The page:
Applications for the Henrietta Lacks Memorial Award will be announced in the Summer of 2019.
The Henrietta Lacks Memorial Award was established in honor of former Turner Station resident and Johns Hopkins cancer patient Henrietta Lacks, whose cells helped make possible ground-breaking advances in medical research.
The Johns Hopkins Urban Health Institute (UHI) offers this award to recognize, support, and promote exceptional community-based programs working in partnership with Johns Hopkins faculty, students, or staff. This $15,000 award highlights the importance of community-university collaborations, recognizes the accomplishments which can be achieved by such partnerships, and continues to support the efforts of the partnership. The monetary gift will be given to the primary community partner in the collaboration. Any collaborative program that addresses one or more of the following issues: poverty, community health and well-being, social justice and neighborhood development is eligible to apply.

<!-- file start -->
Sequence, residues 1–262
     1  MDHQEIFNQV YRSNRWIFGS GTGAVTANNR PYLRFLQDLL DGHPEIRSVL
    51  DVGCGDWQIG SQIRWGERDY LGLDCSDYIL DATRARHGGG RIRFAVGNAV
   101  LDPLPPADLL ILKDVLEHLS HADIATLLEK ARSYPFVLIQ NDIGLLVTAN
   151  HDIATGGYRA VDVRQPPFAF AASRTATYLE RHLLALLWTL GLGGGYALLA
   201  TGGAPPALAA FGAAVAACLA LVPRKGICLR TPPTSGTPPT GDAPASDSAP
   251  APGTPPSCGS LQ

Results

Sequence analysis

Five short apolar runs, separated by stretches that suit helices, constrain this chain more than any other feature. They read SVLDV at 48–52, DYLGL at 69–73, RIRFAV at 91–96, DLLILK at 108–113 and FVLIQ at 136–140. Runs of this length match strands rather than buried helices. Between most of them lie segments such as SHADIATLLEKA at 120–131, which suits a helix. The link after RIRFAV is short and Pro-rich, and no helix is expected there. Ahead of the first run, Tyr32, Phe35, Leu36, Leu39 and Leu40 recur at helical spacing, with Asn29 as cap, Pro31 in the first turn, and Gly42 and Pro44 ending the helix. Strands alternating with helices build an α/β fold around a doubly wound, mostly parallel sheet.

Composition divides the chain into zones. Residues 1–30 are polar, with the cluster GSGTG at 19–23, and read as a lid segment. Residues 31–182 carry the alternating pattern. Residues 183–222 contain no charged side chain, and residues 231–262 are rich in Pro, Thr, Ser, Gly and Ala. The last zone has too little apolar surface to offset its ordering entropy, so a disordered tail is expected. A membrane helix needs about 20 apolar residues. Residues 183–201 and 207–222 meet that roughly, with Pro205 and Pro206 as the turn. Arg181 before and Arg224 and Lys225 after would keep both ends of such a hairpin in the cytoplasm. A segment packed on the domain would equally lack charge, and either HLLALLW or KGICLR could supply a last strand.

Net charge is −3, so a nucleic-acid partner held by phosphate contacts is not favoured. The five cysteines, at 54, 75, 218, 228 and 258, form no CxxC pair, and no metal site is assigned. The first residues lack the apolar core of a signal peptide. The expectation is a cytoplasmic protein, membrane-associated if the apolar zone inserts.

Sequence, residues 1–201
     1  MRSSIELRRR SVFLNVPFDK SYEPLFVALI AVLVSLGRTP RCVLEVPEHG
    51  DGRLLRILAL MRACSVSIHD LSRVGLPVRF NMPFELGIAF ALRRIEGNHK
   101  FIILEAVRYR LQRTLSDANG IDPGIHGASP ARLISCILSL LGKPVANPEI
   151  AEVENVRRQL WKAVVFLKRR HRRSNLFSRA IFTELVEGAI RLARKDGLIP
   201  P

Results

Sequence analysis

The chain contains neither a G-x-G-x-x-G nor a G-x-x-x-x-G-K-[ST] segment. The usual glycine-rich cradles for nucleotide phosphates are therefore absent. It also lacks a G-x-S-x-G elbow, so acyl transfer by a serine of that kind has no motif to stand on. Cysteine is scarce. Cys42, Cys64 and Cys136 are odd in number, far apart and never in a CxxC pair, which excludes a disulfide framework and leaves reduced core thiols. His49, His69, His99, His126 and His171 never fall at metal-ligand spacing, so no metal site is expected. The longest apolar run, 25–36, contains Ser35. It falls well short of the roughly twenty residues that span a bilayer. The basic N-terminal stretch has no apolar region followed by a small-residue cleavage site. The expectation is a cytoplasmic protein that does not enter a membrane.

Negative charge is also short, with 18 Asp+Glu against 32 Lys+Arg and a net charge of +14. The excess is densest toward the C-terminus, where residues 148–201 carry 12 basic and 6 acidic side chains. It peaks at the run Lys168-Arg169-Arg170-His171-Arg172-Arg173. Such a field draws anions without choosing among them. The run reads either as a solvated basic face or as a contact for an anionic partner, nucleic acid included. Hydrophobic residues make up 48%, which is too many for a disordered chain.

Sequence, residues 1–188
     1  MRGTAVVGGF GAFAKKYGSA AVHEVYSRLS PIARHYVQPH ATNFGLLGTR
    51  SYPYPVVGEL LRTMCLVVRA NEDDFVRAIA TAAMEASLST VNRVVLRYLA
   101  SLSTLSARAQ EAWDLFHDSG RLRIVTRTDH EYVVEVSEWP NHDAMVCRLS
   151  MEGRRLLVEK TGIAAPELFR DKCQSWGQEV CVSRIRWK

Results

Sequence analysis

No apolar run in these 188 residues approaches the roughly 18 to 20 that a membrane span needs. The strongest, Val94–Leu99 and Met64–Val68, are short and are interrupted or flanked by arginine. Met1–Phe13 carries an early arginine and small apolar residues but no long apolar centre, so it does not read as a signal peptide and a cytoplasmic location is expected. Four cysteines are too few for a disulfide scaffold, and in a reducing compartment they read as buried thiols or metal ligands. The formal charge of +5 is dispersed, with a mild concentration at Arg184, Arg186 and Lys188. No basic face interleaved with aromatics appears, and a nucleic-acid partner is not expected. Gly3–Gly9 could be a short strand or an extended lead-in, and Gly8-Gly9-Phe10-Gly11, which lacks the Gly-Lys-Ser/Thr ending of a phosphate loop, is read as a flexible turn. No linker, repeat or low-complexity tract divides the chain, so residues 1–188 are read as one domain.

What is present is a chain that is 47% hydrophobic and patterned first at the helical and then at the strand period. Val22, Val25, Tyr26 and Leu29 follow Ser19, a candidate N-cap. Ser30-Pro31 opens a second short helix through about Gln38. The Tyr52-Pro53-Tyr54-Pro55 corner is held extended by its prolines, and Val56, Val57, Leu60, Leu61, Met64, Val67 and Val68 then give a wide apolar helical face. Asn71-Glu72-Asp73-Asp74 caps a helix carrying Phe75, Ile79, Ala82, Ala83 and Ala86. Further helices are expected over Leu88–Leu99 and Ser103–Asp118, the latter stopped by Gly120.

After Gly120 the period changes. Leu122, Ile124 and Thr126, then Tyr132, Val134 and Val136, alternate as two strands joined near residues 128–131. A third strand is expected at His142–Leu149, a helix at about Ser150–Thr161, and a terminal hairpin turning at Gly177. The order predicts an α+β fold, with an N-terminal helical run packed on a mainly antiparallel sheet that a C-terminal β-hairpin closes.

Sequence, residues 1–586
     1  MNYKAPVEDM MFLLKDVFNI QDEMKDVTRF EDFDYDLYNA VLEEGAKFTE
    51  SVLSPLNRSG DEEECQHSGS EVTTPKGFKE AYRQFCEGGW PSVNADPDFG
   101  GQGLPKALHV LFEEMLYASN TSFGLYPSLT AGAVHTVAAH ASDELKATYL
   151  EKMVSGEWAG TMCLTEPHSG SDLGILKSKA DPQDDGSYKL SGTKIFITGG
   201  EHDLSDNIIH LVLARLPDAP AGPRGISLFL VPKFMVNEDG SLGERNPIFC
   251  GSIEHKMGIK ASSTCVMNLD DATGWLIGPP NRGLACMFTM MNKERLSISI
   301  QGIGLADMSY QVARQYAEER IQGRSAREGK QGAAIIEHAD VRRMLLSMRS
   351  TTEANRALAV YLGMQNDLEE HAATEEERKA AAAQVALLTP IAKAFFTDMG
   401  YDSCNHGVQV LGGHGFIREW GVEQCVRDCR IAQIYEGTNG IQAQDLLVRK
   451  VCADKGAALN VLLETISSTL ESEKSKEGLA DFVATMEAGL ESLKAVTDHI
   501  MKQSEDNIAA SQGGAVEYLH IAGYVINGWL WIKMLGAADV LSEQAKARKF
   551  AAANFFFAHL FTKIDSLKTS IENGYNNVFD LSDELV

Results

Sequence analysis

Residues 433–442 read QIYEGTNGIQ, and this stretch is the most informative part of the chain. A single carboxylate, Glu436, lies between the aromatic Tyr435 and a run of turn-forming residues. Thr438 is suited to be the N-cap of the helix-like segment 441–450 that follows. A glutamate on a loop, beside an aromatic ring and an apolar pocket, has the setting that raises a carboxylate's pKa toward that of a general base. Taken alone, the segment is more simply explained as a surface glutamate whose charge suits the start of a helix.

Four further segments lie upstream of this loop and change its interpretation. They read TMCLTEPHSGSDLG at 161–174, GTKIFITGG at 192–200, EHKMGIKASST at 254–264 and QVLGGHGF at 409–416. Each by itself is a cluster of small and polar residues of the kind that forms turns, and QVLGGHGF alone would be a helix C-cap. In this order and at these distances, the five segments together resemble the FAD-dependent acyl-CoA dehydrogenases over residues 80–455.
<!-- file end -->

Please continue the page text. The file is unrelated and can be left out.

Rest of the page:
Who is Henrietta Lacks?
Henrietta Lacks was an African-American woman who underwent treatment for an aggressive form of cervical cancer at Johns Hopkins Hospital in 1951. In addition to providing her with medical care, Henrietta’s doctor at Hopkins removed some of her cancerous cells to use in research without getting her written consent. It’s important to note that at this time the practice of obtaining informed consent from cell or tissue donors was essentially unknown among academic medical centers.
Despite receiving a high standard of medical treatment, Mrs. Lacks ultimately succumbed to this cancer at the young age of 31. However, her cells—called "HeLa" from the first two letters of her first and last names—remarkably continued to reproduce in the laboratory. Researchers around the world had been trying to identify or develop a standardized human cell line that could be reproduced in a laboratory setting; they knew that this kind of cell line would provide numerous opportunities to improve the human condition by allowing them to better understand, treat, and prevent a wide range of diseases.